After the conclusion of a somewhat frustrating appointment, I found myself strolling in an arrondissement of Paris that I was somewhat unfamiliar with; that is to say, it's chic. The type of place where buildings have cleaning staff who have an irritating habit of polishing door combination locks daily, removing any chance of deciphering the door code by the fingerprints. The part of town where buildings have a resident staircase, and a service-staff entrance. The type of place where unused spaces go unnoticed.
By chance, I stumbled across one such building, just as a resident had opened the door. Smiling, she held the door for me, and I sailed through into the courtyard, where after a few minutes of fence hopping and wall jumping, I was on the roof. And oh! What a roof. Replete with a view of the Eiffel Tower, and a magnificent forgotten space, I'd found my next squat: Three stories, spiral staircase and multiple balconies.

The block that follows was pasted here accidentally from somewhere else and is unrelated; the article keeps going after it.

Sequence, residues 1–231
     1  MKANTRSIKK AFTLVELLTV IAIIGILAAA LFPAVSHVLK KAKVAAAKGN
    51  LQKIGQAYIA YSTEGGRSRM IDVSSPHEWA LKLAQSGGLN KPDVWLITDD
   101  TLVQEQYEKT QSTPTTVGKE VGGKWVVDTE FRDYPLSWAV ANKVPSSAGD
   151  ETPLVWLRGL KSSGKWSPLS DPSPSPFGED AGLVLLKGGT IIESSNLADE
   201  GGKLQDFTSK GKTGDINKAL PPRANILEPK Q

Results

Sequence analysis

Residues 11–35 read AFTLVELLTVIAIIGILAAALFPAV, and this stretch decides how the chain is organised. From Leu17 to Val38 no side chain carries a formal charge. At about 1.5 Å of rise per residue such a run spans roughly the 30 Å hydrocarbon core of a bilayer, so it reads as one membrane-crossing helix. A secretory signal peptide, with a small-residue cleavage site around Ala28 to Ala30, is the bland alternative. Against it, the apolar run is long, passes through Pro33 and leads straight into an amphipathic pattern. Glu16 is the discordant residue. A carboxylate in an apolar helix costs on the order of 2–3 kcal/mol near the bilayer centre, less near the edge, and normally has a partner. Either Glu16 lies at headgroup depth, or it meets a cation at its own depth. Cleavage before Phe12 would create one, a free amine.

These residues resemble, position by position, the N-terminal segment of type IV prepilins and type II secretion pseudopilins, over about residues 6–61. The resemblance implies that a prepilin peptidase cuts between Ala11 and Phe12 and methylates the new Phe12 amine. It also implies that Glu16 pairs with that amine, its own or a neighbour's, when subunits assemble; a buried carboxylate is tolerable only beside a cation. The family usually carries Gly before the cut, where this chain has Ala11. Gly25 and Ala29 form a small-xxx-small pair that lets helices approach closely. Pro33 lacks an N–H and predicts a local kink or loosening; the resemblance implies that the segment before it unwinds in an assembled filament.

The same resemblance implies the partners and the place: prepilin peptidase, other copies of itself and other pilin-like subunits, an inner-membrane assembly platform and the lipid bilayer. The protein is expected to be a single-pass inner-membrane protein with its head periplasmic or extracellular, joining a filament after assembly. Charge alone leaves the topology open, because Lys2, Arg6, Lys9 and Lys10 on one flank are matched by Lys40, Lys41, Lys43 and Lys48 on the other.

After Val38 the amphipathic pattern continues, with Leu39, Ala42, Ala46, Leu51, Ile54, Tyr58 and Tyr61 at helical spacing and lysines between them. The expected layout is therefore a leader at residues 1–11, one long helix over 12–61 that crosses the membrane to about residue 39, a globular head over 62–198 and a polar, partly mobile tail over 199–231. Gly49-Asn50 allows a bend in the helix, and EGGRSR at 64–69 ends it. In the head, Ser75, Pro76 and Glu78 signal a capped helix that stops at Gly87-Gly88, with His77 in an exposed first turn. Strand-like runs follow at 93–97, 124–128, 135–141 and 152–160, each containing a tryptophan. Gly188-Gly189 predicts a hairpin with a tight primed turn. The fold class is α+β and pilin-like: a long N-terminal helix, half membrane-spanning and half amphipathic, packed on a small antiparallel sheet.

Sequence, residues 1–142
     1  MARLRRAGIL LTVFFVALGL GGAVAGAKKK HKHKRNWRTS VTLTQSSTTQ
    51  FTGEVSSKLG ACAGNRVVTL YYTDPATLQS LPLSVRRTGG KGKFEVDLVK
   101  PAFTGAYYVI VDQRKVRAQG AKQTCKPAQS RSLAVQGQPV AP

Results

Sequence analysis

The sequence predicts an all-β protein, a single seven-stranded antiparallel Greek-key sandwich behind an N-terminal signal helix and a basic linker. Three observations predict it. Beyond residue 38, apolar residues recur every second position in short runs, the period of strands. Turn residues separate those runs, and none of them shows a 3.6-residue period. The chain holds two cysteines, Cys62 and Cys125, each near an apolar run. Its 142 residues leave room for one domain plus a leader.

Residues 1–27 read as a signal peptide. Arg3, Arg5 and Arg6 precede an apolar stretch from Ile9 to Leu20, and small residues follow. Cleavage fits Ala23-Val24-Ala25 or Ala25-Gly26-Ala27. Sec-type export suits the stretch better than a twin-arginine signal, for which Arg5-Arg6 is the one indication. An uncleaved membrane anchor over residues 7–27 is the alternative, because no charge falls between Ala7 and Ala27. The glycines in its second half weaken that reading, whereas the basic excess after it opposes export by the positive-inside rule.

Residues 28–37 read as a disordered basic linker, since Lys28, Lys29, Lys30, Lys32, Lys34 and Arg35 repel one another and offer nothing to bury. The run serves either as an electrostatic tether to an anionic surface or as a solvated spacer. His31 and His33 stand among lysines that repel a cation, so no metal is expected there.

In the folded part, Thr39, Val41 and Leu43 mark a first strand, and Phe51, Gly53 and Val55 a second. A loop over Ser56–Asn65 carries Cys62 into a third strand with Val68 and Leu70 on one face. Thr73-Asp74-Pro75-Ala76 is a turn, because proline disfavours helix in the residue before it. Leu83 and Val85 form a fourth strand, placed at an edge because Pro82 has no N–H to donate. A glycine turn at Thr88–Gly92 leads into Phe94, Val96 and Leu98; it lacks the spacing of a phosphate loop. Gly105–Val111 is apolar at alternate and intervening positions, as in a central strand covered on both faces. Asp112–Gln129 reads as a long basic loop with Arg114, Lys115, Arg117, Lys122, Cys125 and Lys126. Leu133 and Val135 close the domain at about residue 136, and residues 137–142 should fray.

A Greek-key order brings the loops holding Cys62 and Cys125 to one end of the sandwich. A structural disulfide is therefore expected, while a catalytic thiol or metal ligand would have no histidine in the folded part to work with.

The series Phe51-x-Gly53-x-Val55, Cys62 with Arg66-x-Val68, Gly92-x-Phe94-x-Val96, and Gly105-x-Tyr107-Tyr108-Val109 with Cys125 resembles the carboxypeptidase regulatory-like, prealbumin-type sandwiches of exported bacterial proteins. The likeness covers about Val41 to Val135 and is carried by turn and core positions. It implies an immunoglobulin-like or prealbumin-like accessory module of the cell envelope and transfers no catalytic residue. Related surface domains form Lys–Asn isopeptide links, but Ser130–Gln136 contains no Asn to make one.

That night, I packed my bag. I allowed myself a luxury, a handwarmer - and more importantly, my warm sleeping bag.
Under the light of a full moon and clear sky, I settled in, lulled by the rumble of a distant metro.
One of the most challenging elements of a successful squat isn't the entry or the installation, but the exit. I had set an alarm somewhat optimistically: 930AM - in an attempt to avoid rooftopping infront of breakfasting Parisians. Surpisingly, nestled in my sleeping bag, I slept so soundly that I was awoken by my alarm and the patter of rain. I packed my gear, dusty, and slipped into the metro unnoticed.